The Pigeon stepped out into the cold. The snow was coming down hard, and the wind that carried it made it hard to see. He walked out into the small parking lot with the broken streetlamp and tried to look around, but the force of the wind pushed his head down. He gripped the pistol and made his way into the middle of the parking lot.
“Is anyone out here?” he asked with a cold tremble.
He stepped out into the darkness a little further, his hand over his eyes in a salute, attempting to see into the silent dark. When he looked to the left, a streetlamp glowed at a dead end. The soft beer color illuminating from the pole pissed all over the snow.
“Fuck this,” the Pigeon mumbled. “I'm going back inside. Jimmy can handle this shit.”
The sound of feet crunching in the snow sounded off in the distance. The Pigeon turned to look and tried to make out the dark figure moving towards him. The snow crunched louder. He moved towards the sound, his finger on the trigger.
“Who the fuck is out there?” he asked.
The dark figure stepped onto the edge of the lot and stopped.
“The hell…” The Pigeon raised his pistol. “Whoever you are, I got a gun.”
“Keep flappin' those wings, little birdie,” the figure replied.
The Pigeon gripped the .38 and walked toward the figure.
“This is your last…Fuck, Dutchie, is that you?” he asked.
Dutchie, half running, moved right up to the Pigeon with an empty 2‑liter soda bottle, put his Glock 22 inside, and pulled the trigger. The bullet popped the bottle and hit the Pigeon in the neck, knocking him to the ground. Blood flowed in raw streaks from his shredded neck and emptied into a tiny pool inches from his head. Dutchie stood over his body. The black center of his eyes studied the miniature red river. The Pigeon's dead face held a look of confusion as Dutchie dipped his index finger into the bloody snow.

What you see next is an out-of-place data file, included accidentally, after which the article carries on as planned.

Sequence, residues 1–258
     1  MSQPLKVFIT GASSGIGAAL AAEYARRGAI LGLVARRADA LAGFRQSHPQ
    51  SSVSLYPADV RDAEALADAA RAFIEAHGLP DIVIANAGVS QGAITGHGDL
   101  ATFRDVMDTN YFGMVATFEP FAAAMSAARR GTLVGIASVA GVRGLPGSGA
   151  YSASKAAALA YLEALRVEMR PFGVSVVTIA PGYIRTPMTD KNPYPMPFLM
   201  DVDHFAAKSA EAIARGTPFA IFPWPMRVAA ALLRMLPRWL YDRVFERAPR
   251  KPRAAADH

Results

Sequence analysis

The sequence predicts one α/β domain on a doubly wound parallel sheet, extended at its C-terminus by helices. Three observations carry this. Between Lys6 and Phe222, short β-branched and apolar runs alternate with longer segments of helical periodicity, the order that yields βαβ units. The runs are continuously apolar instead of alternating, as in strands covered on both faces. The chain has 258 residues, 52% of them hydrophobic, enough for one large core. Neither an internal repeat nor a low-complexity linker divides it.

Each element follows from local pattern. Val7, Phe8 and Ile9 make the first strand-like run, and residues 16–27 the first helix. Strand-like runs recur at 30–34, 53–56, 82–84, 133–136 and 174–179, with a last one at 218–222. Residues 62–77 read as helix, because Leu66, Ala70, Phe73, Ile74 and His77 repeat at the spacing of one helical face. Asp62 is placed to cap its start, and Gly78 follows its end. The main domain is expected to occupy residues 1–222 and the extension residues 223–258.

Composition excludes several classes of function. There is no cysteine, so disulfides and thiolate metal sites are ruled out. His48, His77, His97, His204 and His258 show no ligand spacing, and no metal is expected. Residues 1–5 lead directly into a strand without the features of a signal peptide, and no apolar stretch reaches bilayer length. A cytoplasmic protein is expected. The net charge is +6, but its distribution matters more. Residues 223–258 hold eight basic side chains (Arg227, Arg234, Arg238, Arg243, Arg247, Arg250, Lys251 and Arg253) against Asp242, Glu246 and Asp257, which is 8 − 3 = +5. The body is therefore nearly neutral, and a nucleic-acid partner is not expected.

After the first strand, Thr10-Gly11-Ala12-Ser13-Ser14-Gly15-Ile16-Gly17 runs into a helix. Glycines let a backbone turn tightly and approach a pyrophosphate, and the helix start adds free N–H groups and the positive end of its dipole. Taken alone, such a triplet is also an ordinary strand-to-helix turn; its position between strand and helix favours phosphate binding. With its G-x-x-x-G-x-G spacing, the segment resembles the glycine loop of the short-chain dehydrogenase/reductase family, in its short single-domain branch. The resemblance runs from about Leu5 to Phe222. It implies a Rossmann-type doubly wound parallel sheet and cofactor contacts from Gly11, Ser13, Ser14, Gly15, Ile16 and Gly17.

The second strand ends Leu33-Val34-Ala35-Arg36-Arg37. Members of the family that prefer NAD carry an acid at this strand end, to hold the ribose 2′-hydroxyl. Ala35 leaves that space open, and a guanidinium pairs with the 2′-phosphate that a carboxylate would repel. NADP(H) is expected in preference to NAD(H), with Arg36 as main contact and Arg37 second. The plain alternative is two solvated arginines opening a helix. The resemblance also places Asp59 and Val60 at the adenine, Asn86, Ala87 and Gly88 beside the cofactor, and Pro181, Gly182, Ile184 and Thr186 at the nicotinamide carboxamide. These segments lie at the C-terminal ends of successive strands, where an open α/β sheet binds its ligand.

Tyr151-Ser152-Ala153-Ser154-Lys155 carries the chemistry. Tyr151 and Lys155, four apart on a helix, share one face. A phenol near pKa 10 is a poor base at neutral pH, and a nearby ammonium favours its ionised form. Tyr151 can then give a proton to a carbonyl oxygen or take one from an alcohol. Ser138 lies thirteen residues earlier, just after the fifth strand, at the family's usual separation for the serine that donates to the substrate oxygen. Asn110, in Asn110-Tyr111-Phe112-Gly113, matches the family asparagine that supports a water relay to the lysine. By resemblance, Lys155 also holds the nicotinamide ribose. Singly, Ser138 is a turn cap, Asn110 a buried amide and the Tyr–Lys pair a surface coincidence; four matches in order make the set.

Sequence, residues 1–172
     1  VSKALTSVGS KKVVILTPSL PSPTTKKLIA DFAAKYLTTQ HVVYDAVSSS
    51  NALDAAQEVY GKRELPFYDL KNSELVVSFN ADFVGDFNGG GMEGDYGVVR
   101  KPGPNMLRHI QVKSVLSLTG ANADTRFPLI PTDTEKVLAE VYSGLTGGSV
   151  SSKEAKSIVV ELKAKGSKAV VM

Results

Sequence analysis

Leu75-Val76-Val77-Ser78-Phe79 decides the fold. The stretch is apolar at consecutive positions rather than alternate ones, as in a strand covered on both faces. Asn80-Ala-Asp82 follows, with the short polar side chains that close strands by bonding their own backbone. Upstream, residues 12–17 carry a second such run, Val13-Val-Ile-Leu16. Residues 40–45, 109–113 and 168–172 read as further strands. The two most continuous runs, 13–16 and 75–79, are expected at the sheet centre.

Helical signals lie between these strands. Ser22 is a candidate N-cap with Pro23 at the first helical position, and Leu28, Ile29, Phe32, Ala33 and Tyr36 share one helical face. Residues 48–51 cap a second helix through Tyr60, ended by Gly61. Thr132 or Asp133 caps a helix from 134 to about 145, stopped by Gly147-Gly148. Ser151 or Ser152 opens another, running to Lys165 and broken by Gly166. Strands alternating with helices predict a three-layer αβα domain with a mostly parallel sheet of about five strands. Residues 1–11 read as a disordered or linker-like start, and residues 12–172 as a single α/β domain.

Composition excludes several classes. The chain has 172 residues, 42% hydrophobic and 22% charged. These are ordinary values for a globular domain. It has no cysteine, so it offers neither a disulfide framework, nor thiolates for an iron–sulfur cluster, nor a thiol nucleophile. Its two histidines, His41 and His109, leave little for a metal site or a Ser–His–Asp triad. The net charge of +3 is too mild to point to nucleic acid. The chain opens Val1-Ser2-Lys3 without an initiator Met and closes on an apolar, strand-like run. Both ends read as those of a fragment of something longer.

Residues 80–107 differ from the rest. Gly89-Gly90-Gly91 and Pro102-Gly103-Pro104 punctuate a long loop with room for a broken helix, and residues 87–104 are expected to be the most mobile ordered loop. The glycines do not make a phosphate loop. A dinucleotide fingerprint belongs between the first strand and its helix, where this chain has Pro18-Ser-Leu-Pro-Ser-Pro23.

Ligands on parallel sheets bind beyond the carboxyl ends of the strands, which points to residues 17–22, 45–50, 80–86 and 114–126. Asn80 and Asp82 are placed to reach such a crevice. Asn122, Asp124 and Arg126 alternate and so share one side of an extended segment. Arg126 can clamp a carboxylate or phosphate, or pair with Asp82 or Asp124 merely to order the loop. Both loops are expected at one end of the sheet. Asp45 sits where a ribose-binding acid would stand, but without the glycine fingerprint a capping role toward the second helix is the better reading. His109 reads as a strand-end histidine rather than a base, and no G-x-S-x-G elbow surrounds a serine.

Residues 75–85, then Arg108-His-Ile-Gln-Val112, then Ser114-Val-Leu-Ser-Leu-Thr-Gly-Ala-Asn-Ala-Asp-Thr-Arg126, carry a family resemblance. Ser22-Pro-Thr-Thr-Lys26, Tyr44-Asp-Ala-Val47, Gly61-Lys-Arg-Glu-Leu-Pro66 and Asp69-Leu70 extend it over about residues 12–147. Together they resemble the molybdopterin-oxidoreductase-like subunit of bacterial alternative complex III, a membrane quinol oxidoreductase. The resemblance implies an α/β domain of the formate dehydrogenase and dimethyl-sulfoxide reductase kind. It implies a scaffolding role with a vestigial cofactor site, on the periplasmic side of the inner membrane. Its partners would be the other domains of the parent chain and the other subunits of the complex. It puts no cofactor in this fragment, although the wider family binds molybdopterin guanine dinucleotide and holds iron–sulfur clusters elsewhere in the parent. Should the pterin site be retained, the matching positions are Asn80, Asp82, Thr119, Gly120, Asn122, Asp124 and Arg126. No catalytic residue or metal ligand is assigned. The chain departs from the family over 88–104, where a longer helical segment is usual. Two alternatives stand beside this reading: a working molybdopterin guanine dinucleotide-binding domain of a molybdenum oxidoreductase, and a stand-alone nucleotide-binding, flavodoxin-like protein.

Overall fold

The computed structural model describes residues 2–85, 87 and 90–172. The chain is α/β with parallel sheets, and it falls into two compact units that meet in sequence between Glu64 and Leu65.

“Akita mani yo, mother fucker,” Dutchie said, painting his cheeks with the Pigeon’s blood.
“What's taking that asshole so long?” Jimmy said.
“He probably took off. Left you here all alone with me. You gonna kill me now?”
“Keep your mouth shut.”
Merry stood up and started to walk for the door. “I've had enough of this shit.” Jimmy grabbed her by the arm as she passed.
“Sit your ass down,” he said, forcing her back into the chair.
“Screw you, Jimmy.”
“One more fuckin' word out of your mouth, and I swear to god…”
“What, Jimmy? What? You gonna kill me? Bury my body somewhere out in the Badlands like you do with everyone else? It's why you brought me here, isn't it?”
“One more word,” Jimmy said, with his backhand raised to her.
The door to the warehouse flew open. Jimmy stood up straight, looking in the direction of the door. Merry stood up behind him. Dutchie tossed Jimmy's .38, and it slid close enough for Jimmy to see the blood-caked grip.
“What the hell did you do to Larry, you crooked son-of-a-bitch?”
“He's waiting for you in the parking lot,” Dutchie replied.
Jimmy was too far to snatch up the .38, and he could see Dutchie's finger tapping on the trigger of his Glock.
“What the hell is that on your face, you damn lunatic?” Jimmy asked.